Once you’re clear on what your performance review goals and objectives are, you can begin to think through some conversation items that you’d like to tackle during the meetings.
What to discuss during a performance review
While it’s not always possible to plan through every question and conversation item during a performance review, it is helpful to come prepared with a list of talking points. This will help ensure that you’re using your time wisely, and covering all important topics.
Open-ended questions are a great way to keep the conversation flowing. Here are some examples:
- What are your goals at our company this year?
- What are you hoping to achieve from a professional development standpoint?
- What can I do to better support you?
- How would you like to receive feedback?
- What roadblocks can we move out of the way to help you achieve your goals?
- Where do you see yourself in 2 years?
- How can I help you get there?
- How can I better manage you?
As you can see, each of these questions is designed as a conversation starter. It asks the employee to reflect on their own goals, and prompts them to provide insights on how both parties can work together toward a common outcome.
The key for a successful performance review is to make it a conversation. To do so, you need to establish trust and rapport with your employees, and show a genuine interest in their growth and career.
It also helps to have a clear plan and process in place for every performance review session.
10 steps to the performance review process
Generally speaking, the performance review process is broken into the following steps:
- Communicate to your team when, where, and how performance reviews will be given.
- Prepare for each performance review ahead of time:
- Understand the employee’s job description and requirements
- Review existing performance goals
- Review any performance metrics at your disposal
- Compare goals versus performance using quantitative techniques
- Identify areas where the employee performed well, or missed their mark
- Prepare an agenda with questions and comments
- Make it a conversation in which both parties candidly share what worked, and what didn’t during the period under review.
- Allow the employee to assess their own performance, with a particular focus on how they did relative to goals, any potential roadblocks or areas of learning, and what worked or didn’t work.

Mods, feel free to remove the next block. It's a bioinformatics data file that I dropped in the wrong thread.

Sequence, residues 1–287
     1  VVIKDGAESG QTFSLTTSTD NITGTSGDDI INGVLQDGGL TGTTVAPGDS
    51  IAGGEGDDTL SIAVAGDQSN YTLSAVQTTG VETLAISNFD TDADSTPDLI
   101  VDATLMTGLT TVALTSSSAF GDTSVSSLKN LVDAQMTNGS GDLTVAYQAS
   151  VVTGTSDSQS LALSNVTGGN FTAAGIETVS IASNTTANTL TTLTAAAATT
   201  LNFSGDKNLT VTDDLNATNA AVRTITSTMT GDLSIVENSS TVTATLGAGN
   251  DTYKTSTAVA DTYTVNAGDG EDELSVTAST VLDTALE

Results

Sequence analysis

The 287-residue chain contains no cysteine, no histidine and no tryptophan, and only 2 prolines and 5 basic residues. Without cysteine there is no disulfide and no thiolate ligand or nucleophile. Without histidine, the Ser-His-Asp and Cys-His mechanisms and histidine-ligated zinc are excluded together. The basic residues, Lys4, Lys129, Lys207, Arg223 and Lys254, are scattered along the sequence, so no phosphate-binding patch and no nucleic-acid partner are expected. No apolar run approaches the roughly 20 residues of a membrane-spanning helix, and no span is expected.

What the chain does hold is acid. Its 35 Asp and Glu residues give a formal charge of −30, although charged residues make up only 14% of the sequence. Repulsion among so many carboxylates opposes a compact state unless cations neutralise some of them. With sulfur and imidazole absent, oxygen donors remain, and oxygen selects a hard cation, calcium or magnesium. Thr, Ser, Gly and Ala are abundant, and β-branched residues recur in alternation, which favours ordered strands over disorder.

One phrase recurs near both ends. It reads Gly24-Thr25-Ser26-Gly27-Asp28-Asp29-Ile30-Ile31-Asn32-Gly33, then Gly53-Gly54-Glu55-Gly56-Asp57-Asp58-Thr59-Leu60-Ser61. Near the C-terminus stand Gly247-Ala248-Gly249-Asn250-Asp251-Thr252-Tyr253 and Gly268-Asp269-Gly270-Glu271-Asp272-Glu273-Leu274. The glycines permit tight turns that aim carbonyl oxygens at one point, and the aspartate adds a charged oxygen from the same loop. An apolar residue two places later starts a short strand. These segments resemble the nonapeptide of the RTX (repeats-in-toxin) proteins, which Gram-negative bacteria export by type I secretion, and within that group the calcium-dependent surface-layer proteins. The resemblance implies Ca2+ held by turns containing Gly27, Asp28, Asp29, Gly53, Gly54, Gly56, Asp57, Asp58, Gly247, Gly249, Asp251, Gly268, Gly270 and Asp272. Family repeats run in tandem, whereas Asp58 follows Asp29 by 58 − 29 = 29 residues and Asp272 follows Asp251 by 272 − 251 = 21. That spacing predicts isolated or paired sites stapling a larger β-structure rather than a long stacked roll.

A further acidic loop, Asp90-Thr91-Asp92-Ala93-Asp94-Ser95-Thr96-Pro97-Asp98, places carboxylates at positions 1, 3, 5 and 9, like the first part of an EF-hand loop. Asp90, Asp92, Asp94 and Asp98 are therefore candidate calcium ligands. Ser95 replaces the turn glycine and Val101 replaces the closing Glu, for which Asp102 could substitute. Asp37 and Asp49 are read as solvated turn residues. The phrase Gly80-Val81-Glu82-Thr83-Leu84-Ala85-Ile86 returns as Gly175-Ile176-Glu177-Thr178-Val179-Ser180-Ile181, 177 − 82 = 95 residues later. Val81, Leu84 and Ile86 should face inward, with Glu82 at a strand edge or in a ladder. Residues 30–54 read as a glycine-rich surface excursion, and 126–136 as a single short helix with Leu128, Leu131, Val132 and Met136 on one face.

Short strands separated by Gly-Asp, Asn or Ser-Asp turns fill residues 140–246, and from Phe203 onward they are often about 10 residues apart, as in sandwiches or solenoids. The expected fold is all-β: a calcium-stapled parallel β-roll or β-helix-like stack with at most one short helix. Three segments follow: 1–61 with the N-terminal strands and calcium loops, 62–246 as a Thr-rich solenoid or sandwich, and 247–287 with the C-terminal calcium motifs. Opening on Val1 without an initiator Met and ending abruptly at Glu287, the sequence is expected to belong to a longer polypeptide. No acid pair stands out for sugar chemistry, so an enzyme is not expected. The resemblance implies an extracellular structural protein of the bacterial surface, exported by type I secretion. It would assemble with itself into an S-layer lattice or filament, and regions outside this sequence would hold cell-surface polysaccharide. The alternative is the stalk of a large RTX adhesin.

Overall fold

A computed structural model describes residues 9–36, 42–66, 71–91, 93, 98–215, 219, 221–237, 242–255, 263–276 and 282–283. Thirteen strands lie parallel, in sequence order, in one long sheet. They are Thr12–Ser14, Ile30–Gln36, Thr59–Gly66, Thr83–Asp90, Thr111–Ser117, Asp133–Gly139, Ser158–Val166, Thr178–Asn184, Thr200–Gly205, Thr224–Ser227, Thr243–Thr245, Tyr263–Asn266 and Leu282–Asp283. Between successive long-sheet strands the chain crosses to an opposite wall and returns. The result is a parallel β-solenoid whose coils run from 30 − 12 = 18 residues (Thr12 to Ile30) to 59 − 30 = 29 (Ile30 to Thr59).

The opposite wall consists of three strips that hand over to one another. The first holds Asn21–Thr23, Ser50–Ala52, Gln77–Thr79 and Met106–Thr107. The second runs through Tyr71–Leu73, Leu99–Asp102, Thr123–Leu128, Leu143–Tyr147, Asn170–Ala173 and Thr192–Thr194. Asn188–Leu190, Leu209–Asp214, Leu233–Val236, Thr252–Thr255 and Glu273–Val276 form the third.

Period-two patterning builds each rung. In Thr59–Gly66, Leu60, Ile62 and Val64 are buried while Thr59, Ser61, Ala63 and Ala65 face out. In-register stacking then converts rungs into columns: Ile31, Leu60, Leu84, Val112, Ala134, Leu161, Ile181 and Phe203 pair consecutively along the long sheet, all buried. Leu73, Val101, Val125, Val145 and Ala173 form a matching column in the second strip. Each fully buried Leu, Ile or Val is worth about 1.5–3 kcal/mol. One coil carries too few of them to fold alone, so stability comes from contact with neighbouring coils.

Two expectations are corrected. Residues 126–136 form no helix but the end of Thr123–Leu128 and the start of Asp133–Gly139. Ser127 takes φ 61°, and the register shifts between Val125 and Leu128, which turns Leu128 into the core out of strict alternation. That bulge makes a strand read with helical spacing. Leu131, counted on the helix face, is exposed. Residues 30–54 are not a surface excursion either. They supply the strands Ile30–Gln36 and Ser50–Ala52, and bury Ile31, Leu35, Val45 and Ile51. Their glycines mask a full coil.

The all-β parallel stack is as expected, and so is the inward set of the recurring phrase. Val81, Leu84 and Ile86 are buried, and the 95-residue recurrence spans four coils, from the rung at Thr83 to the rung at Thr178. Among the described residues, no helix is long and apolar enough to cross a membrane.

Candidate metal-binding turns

- Provide constructive feedback where necessary to help the employee identify areas of improvement and growth.
- Provide positive feedback to identify areas where the employee went above and beyond, and to reinforce that behavior.
- Set clear objectives for the year ahead by communicating strategic priorities, discussing the employee’s ambitions, and establishing a set of SMART goals against which to measure future performance.
- Ask for feedback on your management and leadership performance. This turns the conversation into a mutual learning experience, rather than a one-way conversation.
- Summarize takeaways, including highlights of the conversation, key action items, and timelines. Ask the employee to summarize their key takeaways to ensure that you’re both on the same page.
- Reflect on how the process went with your employees, and gather their feedback on what they liked, or didn’t like, about the process. Tweak the process accordingly for the next round of performance reviews.
The above process works well for more formal and scheduled performance reviews. In addition to this process, you might also want to consider adopting a less formal approach where possible.
Establishing a culture that uses 1:1 chats and frequent feedback has been proved to provide better and more immediate performance improvements. That’s because it adopts an agile approach to workforce management that relies on ongoing, candid feedback that translates into immediate tweaks to workflows.
This, of course, requires strong rapport between team members and managers who are comfortable with providing feedback outside of a performance review setting. Making a strong and determined effort on a daily basis to build these relationships with your employees will make the performance review process easier, and more fruitful, for everyone involved.